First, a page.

Review : The Phantom of the Open

If you think of the most British movie you have ever seen, multiply it by ten and then you have The Phantom of the Open. This movie is based on a true story of Maurice Flitcroft who famously played the worst round of golf at the British Open in 1976. The story is told in a classically British style and is rounded out by outstanding performances from all of its cast. The Phantom of the Open is a true crowd pleaser and is the ultimate film to take your parents and grandparents to see.

The story centres around the Flitcroft family, with Maurice (Mark Rylance) a crane operator at a local shipyard who after receiving the news of redundancies at the company decides to finally start living his own life after dedicating his career to his family and adoring wife Jean (Sally Hawkins). Maurice is randomly watching TV and sees an ad for the British Open Golf tournament and decides to enter, despite never having played a game in his life. Jean helps him fill out the application which surprisingly gets through. While Maurice plays and obtains the highest score in the competition’s history, the later part of the film explores the celebrity that Maurice becomes with the public and despite failing, enters the competition, again and again, to attempt to place.

While the film’s central story places Maurice firmly at the centre, the Flitcroft family are a large part of the piece here. Twin sons Gene and James (Christian and Jonah Lees) who play a pair of travelling disco dancing champions are Maurice’s constant support at each match at the Open. The eldest son Mike (Jake Davies) is trying to climb the corporate ladder at the company and is constantly embarrassed by his Dad and his public embarrassments. All of them are such great compliments of Maurice’s life and make up important elements of the story when things focus too much on the golf side.

Rhys Ifans is placed as the film’s villain Keith McKenzie, the head of the British Open who is in a constant game of cat and mouse with Maurice. This goes into overdrive when Maurice starts wearing disguises, hats and fake moustaches with grand names like Count Manfred von Hoffmanstel and Gene Paycheki, this regrettably feels glossed over and could have been a hilarious montage. There is a short story about a reporter who follows Maurice and his journey, while this has the promise of exposing the story and what happened, it kind of fizzles out. It feels like there is an extended cut somewhere with more scenes in it featuring this reporter.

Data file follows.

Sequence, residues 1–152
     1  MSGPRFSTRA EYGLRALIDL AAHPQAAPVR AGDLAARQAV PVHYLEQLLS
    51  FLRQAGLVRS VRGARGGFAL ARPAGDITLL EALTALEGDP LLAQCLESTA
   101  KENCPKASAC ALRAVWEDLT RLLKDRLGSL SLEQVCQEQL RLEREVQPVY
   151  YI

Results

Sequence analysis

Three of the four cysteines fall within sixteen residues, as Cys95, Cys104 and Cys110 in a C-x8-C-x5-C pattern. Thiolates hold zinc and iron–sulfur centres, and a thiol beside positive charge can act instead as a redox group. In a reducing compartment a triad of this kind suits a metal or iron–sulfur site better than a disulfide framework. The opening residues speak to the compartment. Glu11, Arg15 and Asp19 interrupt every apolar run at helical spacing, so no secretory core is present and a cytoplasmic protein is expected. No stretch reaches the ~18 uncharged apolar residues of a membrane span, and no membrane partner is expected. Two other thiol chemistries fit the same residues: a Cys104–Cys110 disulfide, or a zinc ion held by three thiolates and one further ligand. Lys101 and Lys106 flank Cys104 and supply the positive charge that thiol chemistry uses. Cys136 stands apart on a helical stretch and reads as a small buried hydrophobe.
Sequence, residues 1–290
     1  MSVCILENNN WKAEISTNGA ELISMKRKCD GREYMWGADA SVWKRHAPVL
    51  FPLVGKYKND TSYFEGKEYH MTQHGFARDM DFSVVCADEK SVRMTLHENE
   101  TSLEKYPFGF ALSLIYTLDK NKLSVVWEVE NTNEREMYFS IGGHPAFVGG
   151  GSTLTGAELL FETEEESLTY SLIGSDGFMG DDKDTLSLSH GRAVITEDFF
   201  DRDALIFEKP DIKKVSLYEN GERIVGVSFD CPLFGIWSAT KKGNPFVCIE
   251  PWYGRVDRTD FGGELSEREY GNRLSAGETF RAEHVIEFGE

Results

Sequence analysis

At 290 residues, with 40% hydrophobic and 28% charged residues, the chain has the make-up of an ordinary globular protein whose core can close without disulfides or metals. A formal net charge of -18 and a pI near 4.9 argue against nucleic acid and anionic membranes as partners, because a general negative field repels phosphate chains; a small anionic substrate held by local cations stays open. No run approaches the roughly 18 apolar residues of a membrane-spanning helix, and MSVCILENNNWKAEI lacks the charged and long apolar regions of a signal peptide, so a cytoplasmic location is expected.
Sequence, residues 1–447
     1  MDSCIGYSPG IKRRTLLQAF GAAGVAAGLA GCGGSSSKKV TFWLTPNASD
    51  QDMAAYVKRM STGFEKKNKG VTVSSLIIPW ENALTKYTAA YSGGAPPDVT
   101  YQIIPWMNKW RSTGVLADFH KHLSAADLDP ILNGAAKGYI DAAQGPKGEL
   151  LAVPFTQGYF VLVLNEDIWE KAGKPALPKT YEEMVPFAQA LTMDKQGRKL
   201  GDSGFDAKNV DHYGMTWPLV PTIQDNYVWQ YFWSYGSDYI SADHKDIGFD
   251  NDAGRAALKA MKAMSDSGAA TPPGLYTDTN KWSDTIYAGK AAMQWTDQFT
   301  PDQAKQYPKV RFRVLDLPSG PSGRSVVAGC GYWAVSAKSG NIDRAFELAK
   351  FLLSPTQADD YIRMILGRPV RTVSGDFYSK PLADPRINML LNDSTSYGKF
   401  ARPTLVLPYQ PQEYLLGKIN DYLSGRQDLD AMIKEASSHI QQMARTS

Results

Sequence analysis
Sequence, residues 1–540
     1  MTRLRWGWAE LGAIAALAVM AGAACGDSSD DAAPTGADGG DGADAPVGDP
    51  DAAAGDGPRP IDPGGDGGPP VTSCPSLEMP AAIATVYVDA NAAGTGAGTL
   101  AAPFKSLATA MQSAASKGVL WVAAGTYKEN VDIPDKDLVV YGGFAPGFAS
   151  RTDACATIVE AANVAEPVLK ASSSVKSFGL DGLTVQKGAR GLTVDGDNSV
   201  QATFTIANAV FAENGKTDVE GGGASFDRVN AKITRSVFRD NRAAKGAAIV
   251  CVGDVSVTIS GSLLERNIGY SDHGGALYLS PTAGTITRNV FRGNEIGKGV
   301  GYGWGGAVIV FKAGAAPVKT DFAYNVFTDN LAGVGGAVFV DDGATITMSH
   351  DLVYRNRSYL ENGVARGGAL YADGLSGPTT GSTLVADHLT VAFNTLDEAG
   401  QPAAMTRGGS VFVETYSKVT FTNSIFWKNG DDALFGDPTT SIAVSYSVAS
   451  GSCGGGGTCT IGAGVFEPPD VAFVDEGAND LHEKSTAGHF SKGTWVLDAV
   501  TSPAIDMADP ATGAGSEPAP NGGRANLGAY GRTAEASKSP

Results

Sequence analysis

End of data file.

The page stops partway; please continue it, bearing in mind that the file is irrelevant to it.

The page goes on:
This film perfectly captures the working class in the UK in 1975. The gritty lens on the film adds to the crane driver setting in a small townhouse. The snooty golf crowd showcase a different side of privileged life in this period of time and while it seems at some stages Maurice comes off as a little simple, he is always inspirational and give it a red-hot-go persona that keeps the heart of the story front and centre. By the end of the film, you understand why the world fell in love with Maurice and the importance of doing something out of your comfort zone.

Director Craig Roberts takes this idea and pushes it into a weird space giving Maurice these crazy dream sequences involving floating clouds, giant golf balls and Maurice questioning his life and existence. It’s an interesting choice that is odd the first time it happens, then the second and third time it completely takes you out of the story. 

The Phantom of the Open is a sweet and endearing story about a working-class family who dare to dream and are not afraid to chase them. Mark Rylance gives a career-defining performance as Maurice, keeping the film moving when things start to slow down. The story never heads where you think it will, which is absolutely a positive thing. If you are looking to be uplifted and inspired, The Phantom of the Open is perfect viewing.


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If you think of the most British movie you have ever seen, multiply it by ten and then you have The Phantom of the Open. This movie is based on a true story of Maurice Flitcroft who famously played the worst round of golf...Review : The Phantom of the Open